What made you choose to express yourself through the medium of klezmer, a musical tradition that had long been ostensibly codified, culturally-specific, and mostly forgotten? Debra Kreisberg

What made you choose to express yourself through the medium of klezmer, a musical tradition that had long been ostensibly codified, culturally-specific, and mostly forgotten? Debra Kreisberg

Debra Kreisberg

Coming from a serious background in jazz and classical saxophone, blues, funk, and Latin, I hadn’t considered klezmer at all in terms of a genre of music that I wanted to explore. In fact, I came to it sort of skeptically, with preconceptions based on kitschy stereotypes and perhaps a stubborn idea of who I was as a musician. Encouraged by a trusted friend and colleague working in the genre, I heard my first live klezmer performance and was immediately captivated by its mysterious pulse of joy and underlying sadness. As I began to learn klezmer’s stylistic requirements, including the deeper exploration of the clarinet’s technical demands and range of expression, I found that the music spoke to something deep within me and produced a sort of alchemical combination of musical exploration and curiosity about my own Jewish history and my ancestors’ connection to Yiddish culture. This cultural/emotional connection remains a compelling force in my choice to express myself as a musician through klezmer.

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Goldene Khasene

Greetings from The Isle of Klezbos
Isle of Klezbos
[Rhythm Media Records 004]
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In terms of my musical evolution, this has meant the joyful realization that jazz and, more specifically, the blues roots of jazz, are very much linked to klezmer in their soulfulness and improvisational qualities. The common elements of pain, cultural intensity, and even humor find their expression in bent notes, and in the jazz-like, angular progression of melodies. I feel that I can cultivate a home in this music because, though I am a jazz player, I am not a hard-core be-bopper. I can approach traditional Yiddish melodies and ornamentation with the free-blowing mindset of jazz improvisation, even including more complicated linear jazz motion at times, without having to stay there. Part of the fun of getting away from traditional klezmer is coming back—it’s a challenge first of all to be true to the source of klezmer and then to find soulful ways of weaving in and out of the tradition.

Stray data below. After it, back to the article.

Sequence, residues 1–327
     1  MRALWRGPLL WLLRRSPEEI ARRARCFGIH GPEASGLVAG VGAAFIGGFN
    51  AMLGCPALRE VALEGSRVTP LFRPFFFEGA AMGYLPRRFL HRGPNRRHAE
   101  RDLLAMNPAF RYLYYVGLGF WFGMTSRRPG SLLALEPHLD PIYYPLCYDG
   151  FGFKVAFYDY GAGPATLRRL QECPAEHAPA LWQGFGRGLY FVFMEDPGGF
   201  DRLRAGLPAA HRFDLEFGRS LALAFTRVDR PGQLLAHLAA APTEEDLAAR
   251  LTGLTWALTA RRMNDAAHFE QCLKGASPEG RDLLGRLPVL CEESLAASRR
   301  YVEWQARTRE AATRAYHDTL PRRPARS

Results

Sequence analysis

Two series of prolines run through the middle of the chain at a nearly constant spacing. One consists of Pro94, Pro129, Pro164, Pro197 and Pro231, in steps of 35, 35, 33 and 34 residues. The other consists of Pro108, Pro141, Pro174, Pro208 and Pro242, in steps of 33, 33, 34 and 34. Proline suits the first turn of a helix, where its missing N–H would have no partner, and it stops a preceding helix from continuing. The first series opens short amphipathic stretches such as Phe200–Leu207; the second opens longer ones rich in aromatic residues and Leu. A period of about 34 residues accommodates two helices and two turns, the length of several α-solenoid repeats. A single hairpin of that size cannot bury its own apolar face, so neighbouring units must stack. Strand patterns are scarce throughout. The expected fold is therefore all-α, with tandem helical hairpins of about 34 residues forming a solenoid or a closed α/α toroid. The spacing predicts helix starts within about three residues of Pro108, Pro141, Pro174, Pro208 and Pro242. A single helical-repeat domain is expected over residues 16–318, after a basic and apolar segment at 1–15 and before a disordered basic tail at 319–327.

A piece that I composed for Isle of Klezbos entitled “Abrah,” embodies this concept in its interweaving of traditional Yiddish scales with blues/jazz-oriented lines and its use of the klezmer freygish mode as a platform for "outside" collective improvisation in an open solo section. In a total departure from traditional klezmer influences, the piece was actually inspired by some modern Brazilian music I was listening to at the time, although the Brazilian influence is not directly apparent—it was more of a mood that I wanted to reconstruct and tailor to Isle of Klezbos, with all of our individual musical idiosyncrasies and willingness to embrace the unexpected.

I experience the bands I work in, Isle of klezbos and Metropolitan Klezmer, as taking almost a small-jazz-ensemble (sextet and octet) approach to the music, with lots of individual improvised solos and plenty of opportunities to riff on unorthodox stylistic surprises. This is a direct reflection of the eclectic backgrounds of the musicians featured in each group, who bring into the fold influences from straight-ahead jazz to Middle Eastern to reggae, Latin, and opera. Traditional klezmer in its purest form swings really hard, but my experience playing in other styles compels me to hear elements of funk, swing, or even Latin in any given tune, and it’s natural and satisfying to bring those out through improvisation, ornamentation, and composition. Perhaps more than any other pure genre, I find that klezmer allows me to have my own voice as a musician, honoring its roots and my heritage, yet incorporating other places I’ve been and creating my own tradition.

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